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Title: Governing technological change and the paradox of competitiveness : an analysis of state capacity in science, technology and innovation policies in Trinidad and Tobago
Author: Perry, Keston Kyle
ISNI:       0000 0004 7234 0426
Awarding Body: SOAS University of London
Current Institution: SOAS, University of London
Date of Award: 2017
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This thesis investigates the evolution of state capacities in science, technology and innovation (ST&I) policies in a small developing country. It empirically examines the minutiae of interactions among various actors and agencies in this domain, with in-depth case analysis of Trinidad and Tobago (T&T) during 2002 and 2015. Data were collected from forty-eight interviews with university researchers, state officials, industry, and donors, in addition to archival and secondary documentation. Findings show an uneven distribution of ideas, information, knowledge inputs, technical capabilities, and organisational power. Detailed historical analysis reveals changing state-society configurations according to social, political and economic developments. I thus conceptualise these asymmetric and dynamic relations across organisational units as 'networks of power'. Compared to the early 1970s, the state, pressured by anti-colonial mobilisations, created new institutions and fostered developmental coalitions comprising state and private enterprises, high-skilled researchers and multilateral agencies to successfully promote technologies in agriculture, telecommunications, energy, and steel. Its ability to design and implement ST&I policies is currently constrained by informal relationships, ethnic considerations, powerful sectoral interests, a fragmented institutional apparatus, intense clientelism, and the formal requirements of multilateral bodies. Taking a long-term horizon to improve technological capabilities, allocate to productive firms, coordinate agents, and deploy appropriate fiscal instruments is thus stymied. This analysis reveals a paradox: after thirty years of market-friendly policies, why has the country not improved its overall technological performance? Consequently, it was found that both innovation systems and 'good governance' frameworks do not endogenise the interplay of domestic and international forces in the national political economy that give rise to structural, technical and socio-political (STP) imbalances. I propose a novel approach - the Developmental Governance Capability Framework (DCGF) - that incorporates these dimensions to help reformulate ST&I interventions aligned to broad-based developmental aims, and considers the complex political processes associated with effecting new developmental coalitions.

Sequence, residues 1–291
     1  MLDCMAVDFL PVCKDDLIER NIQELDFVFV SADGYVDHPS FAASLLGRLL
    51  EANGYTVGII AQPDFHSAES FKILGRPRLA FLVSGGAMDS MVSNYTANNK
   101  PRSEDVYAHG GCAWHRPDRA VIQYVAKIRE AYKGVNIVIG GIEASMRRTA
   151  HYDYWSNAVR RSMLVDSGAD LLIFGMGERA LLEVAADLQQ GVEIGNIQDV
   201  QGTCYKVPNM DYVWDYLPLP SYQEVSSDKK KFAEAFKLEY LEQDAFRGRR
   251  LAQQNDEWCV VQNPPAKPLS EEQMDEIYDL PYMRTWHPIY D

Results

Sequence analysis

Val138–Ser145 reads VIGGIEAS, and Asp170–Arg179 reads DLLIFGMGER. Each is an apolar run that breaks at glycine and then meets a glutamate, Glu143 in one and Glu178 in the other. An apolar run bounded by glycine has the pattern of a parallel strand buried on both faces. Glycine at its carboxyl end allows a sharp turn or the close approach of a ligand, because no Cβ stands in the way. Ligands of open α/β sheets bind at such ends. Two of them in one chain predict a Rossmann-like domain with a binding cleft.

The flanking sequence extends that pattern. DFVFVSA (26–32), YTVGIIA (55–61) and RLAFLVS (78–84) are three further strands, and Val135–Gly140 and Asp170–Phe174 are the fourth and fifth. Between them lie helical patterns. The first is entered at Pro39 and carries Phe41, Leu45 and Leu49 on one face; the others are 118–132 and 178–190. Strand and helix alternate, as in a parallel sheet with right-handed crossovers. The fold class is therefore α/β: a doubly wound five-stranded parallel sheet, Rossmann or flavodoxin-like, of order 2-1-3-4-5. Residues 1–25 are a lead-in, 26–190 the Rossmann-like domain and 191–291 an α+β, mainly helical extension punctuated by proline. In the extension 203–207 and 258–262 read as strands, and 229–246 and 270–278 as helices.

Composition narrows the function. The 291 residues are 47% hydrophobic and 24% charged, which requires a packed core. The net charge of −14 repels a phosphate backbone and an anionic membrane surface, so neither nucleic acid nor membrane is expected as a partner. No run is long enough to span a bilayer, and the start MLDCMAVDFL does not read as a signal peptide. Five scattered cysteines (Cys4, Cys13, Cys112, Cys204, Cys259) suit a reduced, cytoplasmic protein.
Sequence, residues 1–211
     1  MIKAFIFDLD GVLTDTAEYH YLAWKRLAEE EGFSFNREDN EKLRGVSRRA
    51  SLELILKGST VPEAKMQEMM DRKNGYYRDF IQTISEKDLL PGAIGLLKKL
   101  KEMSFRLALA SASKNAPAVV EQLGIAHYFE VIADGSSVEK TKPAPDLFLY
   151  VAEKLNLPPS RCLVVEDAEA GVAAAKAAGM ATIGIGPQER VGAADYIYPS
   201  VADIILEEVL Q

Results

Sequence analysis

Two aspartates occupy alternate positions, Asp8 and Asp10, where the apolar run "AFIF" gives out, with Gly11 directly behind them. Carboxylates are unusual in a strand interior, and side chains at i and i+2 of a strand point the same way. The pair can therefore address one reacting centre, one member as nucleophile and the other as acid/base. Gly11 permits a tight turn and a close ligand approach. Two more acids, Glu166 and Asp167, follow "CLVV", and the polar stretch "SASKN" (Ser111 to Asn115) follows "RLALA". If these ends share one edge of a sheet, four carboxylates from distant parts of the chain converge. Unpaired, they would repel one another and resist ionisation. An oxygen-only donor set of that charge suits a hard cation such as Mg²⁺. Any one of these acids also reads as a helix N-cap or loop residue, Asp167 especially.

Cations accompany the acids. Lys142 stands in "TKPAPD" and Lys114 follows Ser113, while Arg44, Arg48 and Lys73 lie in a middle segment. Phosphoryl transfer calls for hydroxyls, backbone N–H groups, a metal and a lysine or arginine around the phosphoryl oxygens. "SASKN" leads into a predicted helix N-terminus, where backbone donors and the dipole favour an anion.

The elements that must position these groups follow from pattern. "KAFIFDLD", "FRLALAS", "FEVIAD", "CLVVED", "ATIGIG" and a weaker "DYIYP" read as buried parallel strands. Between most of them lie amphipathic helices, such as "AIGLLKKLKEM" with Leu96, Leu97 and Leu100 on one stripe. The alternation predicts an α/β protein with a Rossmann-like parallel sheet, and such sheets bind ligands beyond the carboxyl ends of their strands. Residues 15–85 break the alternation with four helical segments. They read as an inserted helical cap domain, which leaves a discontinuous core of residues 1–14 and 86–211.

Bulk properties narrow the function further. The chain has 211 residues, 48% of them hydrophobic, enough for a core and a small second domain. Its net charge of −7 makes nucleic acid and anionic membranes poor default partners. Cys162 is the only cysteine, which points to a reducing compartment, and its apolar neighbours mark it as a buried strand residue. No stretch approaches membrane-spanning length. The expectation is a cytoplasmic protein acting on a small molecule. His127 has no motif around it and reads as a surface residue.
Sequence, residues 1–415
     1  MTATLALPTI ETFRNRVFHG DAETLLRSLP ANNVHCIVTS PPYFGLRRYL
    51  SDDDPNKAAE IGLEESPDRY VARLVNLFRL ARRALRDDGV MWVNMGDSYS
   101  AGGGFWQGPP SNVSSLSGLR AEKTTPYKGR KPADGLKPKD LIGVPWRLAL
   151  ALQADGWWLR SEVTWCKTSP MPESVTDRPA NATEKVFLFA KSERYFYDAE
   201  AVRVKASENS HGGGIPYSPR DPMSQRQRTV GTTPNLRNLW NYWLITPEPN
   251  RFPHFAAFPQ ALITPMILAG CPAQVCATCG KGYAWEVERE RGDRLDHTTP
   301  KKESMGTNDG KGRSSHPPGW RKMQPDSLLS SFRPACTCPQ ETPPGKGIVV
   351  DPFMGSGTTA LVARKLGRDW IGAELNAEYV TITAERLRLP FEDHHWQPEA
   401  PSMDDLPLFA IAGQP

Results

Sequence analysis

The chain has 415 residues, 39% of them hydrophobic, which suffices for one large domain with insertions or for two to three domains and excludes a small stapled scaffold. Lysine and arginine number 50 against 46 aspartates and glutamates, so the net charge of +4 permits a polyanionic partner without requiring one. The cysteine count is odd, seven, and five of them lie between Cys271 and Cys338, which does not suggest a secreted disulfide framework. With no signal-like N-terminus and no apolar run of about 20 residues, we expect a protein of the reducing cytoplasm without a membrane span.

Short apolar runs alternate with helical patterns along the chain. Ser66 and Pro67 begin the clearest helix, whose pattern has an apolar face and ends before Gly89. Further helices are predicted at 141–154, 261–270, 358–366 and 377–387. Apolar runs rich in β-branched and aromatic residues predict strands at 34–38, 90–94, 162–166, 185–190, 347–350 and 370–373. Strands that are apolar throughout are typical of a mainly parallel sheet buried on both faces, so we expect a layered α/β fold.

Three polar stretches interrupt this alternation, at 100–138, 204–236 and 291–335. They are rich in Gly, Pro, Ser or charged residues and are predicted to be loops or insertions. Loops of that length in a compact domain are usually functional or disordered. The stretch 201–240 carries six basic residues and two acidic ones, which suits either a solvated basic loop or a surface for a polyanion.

Supervisor: Not available Sponsor: Not available
Qualification Name: Thesis (Ph.D.) Qualification Level: Doctoral